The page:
Bernanke: Rising Oil Prices Don't Threaten U.S. Economy

Bernanke: Don't Sweat The Oil Stuff

WASHINGTON (Reuters) - Federal Reserve Chairman Ben Bernanke said on Tuesday the surge in oil prices is unlikely to hurt the U.S. economy unless it is sustained, even as investors sold off equities on fears of a slowdown.

Bernanke, making his first comments since the turmoil in Libya drove U.S. crude oil above $100 a barrel, said he would expect higher prices to lead to only a modest, temporary increase in U.S. inflation "at most."

The Fed chief told the U.S. Senate Banking Committee he saw increasing evidence that the economic recovery has enough momentum to become self-supporting. But job growth remains far too anemic, he said, indicating the Fed was unlikely to cut short its $600 billion bond-buying stimulus.

"We do see some grounds for optimism about the job market over the next few quarters," Bernanke said, citing a steep recent decline in the jobless rate among other factors.
Bernanke, who will testify for a second day before a House of Representatives committee on Wednesday, also reiterated a warning that a failure by Congress to raise the U.S. government's $14.3 trillion debt ceiling could lead to a devastating debt default.

"It would be extremely dangerous and very likely a recovery-ending event," he said. The U.S. Treasury Department on Tuesday said the debt limit could be reached as early as April 15, 10 days later than its previous estimate.

Bernanke's warning came just hours before the House approved a short-term funding bill that would avert a looming government shutdown and buy time to fashion a longer-term budget. The Senate was expected to quickly take up the measure.

Some Republicans have vowed to use the need to raise the debt ceiling as a lever to push for deep spending cuts.

Bernanke told the panel that downside risks to growth had eased and, for the first time, said the prospect of deflation was now "negligible." The threat of deflation, a downward spiral in wages and prices that could derail the economy, was a key justification for the Fed's bond-buying spree.

"It's encouraging to see that the risk of deflation is moderating according to the Fed," said Omer Esiner, chief market analyst at Commonwealth Foreign Exchange in Washington. "That's one of the keys that will be necessary for the Fed to wind down its quantitative easing program."


At the same time, Bernanke did not appear concerned that the recent spike in the price of crude oil, driven in part by a wave of pro-democracy revolutions in the Middle East and North Africa, would do much harm to the U.S. economy.

"The most likely outcome is that the recent rise in commodity prices will lead to, at most, a temporary and relatively modest increase in U.S. consumer price inflation," Bernanke said.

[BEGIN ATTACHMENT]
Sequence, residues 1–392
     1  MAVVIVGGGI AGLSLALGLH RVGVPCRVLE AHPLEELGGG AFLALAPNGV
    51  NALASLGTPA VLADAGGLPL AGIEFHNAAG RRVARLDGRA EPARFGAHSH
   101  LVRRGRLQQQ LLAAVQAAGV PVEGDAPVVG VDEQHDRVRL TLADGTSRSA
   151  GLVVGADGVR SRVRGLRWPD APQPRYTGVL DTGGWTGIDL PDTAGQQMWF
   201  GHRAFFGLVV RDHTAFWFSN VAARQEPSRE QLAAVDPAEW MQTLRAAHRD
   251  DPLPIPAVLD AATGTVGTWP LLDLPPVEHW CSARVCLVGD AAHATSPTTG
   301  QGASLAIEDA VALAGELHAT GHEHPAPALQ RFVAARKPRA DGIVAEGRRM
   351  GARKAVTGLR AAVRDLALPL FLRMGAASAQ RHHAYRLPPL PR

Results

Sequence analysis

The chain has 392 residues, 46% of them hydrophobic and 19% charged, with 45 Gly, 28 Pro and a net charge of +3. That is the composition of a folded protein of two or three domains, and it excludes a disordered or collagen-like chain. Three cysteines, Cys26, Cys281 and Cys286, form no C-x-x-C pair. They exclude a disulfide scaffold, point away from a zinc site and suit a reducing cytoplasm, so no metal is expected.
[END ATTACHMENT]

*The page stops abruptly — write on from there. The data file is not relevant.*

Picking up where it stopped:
However, he warned that if expectations of future inflation were to build, the Fed may need to act.

"We will continue to monitor these developments closely and are prepared to respond as necessary to best support the ongoing recovery in a context of price stability," he said.
U.S. crude oil futures rose 2.7 percent on Tuesday to settle at $99.63 a barrel, not far from highs hit late last month. Crude had traded at roughly $86 a barrel before protests swept through Egypt in late January.

( For graphic on oil's effect on world growth, see

Financial markets showed little reaction to Bernanke's comments, but the jump in oil prices weighed on stocks, with the Standard & Poor's 500 index closing down 1.57 percent. Wall Street's so-called fear gauge, the CBOE Volatility Index, jumped 13.1 percent. U.S. government bond prices rose as investors sought safety.

With official interest rates held near zero since December 2008, the Fed in November embarked on a controversial program to buy government debt to keep down long-term interest rates. Bernanke said buoyant financial markets suggest the policy is working, but the labor market still has a long way to go.

In January, the jobless rate stood at 9 percent.

"Until we see a sustained period of job creation, we cannot consider the recovery to be truly established," Bernanke said.


Much of the discussion at the hearing centered around Washington's heated budget debate. Bernanke refrained from offering detailed advice on fiscal matters, but urged lawmakers to get the deficit under control.

"The long-term imbalances are not just a long-term risk," Bernanke said. "They're a near and present danger."

The banking committee's chairman, Democrat Tim Johnson, kicked off the session with a strong defense of the Fed's dual mandate of price stability and maximum sustainable employment.

Some Republicans who have been critical of the Fed's ultra-easy monetary policy have vowed to introduce legislation forcing the central bank to focus solely on inflation.

Johnson suggested that would not be an easy fight.

"As the economy continues to struggle to recover, we should be using every tool in the toolbox to create jobs and spur growth," he said in a statement. "Taking tools away from the Fed now is the wrong idea at the wrong time."

(Additional reporting by Emily Kaiser, Doug Palmer, Lucia Mutikani and Tim Ahmann; Editing by Tim Ahmann, James Dalgleish and Leslie Adler)

Copyright 2011 Thomson Reuters. Click for Restrictions.

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